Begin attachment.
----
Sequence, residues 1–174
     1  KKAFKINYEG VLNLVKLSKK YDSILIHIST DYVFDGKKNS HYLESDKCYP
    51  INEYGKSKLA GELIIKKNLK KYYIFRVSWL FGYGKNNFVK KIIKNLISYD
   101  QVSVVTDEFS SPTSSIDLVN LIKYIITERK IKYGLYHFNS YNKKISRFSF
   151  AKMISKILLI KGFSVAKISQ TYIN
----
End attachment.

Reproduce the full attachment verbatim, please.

Sequence, residues 1–174
     1  KKAFKINYEG VLNLVKLSKK YDSILIHIST DYVFDGKKNS HYLESDKCYP
    51  INEYGKSKLA GELIIKKNLK KYYIFRVSWL FGYGKNNFVK KIIKNLISYD
   101  QVSVVTDEFS SPTSSIDLVN LIKYIITERK IKYGLYHFNS YNKKISRFSF
   151  AKMISKILLI KGFSVAKISQ TYIN